21, 000 people currently living with HIV/AIDS in Gambia

Tuesday, January 16, 2018

West Coast Region AIDS committee’s fourth and final quarterly meeting of 2017 has revealed that 21, 000 people are currently living with HIV and AIDS in The Gambia of which 7,000 are on treatment, leaving a good number of people living with the global health threatening infection without treatment.

Presenting the report before health officers at the conference hall of the regional governor’s office in Brikama last Thursday, the regional HIV/AIDS coordinator Lamin D. Njie said last year, they have conducted monthly data verification exercises at all the health facilities in the region.

He said the exercise included verification of anti-retro viral drug, voluntary counseling and testing and prevention of mother to child transmission.

Last October, UNAIDS office in The Gambia convened a national consultation on the 2018-2021 HIV/AIDS joint catch up programme for the Emergency Plan for West Africa and for the UN Joint Programme.

Mr. Njie said following the phasing out of global fund round eight project, Gambia has secured another three-year funding project which will be implemented from 2018 to 2020.

He said the fund will address treatment, care and support programs for people living with HIV with changes in approach and protocol.

In 2013, UNAids, the joint United Nations programme to combat HIV/Aids, announced it will be closing operations in The Gambia, necessitated by financial constraints but later resumed. The Gambia is the only country in the West African sub-region that was affected by that decision.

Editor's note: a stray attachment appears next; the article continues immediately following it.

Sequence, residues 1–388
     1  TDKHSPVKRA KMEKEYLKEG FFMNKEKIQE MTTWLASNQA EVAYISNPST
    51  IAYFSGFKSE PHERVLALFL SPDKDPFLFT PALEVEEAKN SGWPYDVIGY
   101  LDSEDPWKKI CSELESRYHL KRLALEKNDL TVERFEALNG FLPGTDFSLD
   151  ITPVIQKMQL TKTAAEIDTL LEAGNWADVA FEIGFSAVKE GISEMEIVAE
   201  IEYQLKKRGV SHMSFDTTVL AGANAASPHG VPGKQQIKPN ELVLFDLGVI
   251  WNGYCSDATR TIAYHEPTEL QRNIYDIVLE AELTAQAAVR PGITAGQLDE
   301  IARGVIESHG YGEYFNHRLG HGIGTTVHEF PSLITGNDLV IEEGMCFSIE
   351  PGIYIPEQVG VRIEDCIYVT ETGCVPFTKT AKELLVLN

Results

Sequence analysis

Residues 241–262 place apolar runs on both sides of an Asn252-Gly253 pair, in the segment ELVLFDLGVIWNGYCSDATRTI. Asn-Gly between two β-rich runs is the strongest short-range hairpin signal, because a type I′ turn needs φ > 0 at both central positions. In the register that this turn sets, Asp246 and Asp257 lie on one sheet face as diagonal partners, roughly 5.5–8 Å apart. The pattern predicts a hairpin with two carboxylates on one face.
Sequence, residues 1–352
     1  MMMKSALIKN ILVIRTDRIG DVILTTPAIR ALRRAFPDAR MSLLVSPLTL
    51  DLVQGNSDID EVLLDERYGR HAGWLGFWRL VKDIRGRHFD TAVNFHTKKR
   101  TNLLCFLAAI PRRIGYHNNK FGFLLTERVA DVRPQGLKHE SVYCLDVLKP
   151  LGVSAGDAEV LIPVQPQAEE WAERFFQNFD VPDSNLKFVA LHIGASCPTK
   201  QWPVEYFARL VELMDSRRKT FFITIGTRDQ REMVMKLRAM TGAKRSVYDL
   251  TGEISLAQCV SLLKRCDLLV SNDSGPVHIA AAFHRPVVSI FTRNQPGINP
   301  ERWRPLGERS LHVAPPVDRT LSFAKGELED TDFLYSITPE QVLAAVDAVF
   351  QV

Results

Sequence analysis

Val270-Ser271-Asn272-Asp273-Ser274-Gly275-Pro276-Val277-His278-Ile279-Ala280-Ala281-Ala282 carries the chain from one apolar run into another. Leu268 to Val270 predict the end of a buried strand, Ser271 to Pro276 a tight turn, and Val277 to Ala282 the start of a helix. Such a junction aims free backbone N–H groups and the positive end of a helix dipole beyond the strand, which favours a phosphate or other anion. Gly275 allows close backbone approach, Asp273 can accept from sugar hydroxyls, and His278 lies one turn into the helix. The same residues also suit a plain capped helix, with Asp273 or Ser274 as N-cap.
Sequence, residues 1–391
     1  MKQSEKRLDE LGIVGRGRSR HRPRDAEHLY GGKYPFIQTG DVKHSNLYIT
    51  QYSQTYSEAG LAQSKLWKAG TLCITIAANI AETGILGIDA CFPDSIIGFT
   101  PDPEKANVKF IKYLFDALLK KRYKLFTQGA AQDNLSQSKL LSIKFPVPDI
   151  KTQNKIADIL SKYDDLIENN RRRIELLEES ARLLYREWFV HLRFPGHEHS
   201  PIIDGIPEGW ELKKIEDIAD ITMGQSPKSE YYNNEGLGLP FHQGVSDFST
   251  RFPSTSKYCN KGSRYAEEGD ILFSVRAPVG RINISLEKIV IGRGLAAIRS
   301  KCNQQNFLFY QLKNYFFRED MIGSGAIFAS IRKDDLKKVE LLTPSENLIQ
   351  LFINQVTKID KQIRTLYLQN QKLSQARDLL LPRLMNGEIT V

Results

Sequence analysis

Ebrima Sarr of Allah Tentu support kafo expressed concern with the number of people living with HIV who he feared could be left from the treatment programme, saying they must be treated if ‘we’ are to achieve zero new infections.

Mamoudou Keita, a staff at the governor’s office and Haruna Badjie, the regional social welfare coordinator both stressed the need for the committee to prepare a work plan that will guide and enable them to raise fund for the implementation of their activities.

In January 2007, Gambia’s former President Yahya Jammeh claimed he found a cure for HIV/Aids and asthma with natural herbs. He later opened a treatment centre and patients were advised to cease taking their anti-retroviral drugs.

Despite concerns by the World Health Organisation and the United Nations about his use of unscientific treatment that could have dangerous results, including the infection of others by those who thought they had been cured by the method, Mr. Jammeh continued with his treatment programme until he was defeated in last December’s election.

The regional community development officer Wandifa Drammeh suggests that community radios within the region could play crucial role in sensitising communities on voluntary counseling and testing and encourage male participation reduce stigma and discrimination.

Author: Amadou Jallow